The repulsae of Aemilius Paulus in Plutarch’s Aemilius
Plutarch, Aemilius, repulsae
Plutarch’s Aemilius passes over much of the political career of Lucius Aemilius Paulus in silence, offering only the briefest sketch of his life and career before his second consulship in 168 bce and the Third Macedonian War. Among the details which Plutarch omits in the biography are several repulsae which delayed Aemilius’ first consulship until 182 bce, years after he was first eligible for the office. This is not simply Plutarch wishing to avoid reporting a failure on the part of his subject, for he, and he alone of our sources, does note a later repulsa, suffered sometime before Aemilius’ second consulship. Nor is it a matter of Plutarch having had access to relatively few sources on Aemilius, for he had access to and used Polybius and Livy,1 among others, the latter of whom specifically notes and even emphasizes Aemilius’ repeated electoral defeats. The omission of the early repulsae and the addition of a later one—or more likely, as I will suggest, the chronological transposition and conflation of the three early repulsae into one later repulsa—are deliberate strategies on Plutarch’s part, by which he distinguishes his Aemilius from earlier accounts of the man.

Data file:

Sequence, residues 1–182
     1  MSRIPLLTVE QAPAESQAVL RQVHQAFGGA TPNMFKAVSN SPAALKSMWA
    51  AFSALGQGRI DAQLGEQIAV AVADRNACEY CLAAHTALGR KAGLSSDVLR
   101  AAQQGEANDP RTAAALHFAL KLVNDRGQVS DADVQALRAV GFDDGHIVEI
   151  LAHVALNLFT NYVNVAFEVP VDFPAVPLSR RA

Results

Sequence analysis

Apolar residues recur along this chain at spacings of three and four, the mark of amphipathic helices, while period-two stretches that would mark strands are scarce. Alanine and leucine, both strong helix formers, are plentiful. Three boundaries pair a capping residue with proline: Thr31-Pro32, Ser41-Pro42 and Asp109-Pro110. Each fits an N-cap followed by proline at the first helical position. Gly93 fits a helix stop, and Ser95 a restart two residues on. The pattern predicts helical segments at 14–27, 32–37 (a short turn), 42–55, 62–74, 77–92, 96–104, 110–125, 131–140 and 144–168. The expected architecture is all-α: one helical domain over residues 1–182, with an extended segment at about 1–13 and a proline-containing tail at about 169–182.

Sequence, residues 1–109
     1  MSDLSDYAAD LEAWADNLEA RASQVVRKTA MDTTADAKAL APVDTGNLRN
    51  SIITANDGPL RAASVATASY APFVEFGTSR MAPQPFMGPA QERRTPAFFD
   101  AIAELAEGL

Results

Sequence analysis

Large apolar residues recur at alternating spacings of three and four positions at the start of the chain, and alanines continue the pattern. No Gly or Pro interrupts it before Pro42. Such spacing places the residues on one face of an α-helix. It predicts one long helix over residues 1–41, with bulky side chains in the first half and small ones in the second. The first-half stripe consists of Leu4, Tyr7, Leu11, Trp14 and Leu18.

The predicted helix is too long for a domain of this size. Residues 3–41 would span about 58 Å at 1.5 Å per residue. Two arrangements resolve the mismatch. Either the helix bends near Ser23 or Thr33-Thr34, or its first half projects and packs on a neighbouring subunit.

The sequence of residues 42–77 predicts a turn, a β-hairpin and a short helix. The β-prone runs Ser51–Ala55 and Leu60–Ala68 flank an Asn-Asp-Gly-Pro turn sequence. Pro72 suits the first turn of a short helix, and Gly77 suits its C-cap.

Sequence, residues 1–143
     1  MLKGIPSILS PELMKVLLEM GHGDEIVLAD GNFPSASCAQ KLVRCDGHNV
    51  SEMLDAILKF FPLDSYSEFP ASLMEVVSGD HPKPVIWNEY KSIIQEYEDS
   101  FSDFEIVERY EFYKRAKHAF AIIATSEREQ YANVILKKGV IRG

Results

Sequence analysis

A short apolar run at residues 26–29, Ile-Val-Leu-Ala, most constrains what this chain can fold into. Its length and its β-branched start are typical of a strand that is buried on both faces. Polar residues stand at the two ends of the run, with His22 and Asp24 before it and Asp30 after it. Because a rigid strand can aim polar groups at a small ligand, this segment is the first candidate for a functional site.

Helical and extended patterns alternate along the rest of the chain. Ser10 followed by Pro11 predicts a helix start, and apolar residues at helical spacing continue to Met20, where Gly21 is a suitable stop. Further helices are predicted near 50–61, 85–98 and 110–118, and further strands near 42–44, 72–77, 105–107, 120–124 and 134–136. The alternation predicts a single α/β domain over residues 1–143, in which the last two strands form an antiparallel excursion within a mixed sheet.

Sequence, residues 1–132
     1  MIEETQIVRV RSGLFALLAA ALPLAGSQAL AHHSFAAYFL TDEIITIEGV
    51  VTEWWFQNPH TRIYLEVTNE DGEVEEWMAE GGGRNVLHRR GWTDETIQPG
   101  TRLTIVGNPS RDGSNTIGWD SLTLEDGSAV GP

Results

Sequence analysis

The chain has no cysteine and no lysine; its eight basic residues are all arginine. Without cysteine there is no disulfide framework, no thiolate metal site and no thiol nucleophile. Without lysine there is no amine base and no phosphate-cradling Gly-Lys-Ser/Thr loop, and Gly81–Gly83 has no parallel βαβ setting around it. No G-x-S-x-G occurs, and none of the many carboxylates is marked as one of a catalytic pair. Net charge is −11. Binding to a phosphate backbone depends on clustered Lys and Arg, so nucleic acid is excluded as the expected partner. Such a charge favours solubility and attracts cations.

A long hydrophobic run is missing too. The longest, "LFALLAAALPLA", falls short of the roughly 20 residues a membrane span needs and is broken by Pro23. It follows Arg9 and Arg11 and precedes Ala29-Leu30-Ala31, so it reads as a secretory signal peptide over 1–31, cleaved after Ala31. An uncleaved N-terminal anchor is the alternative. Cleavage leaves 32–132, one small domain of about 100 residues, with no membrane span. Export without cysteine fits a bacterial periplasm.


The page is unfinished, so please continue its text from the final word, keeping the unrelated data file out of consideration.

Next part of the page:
Bailey, C. (2022). "Chapter 7 The Repulsae of Aemilius Paulus in Plutarch’s Aemilius". In Plutarch’s Unexpected Silences. Leiden, The Netherlands: Brill. doi: 10.1163/9789004514256_009
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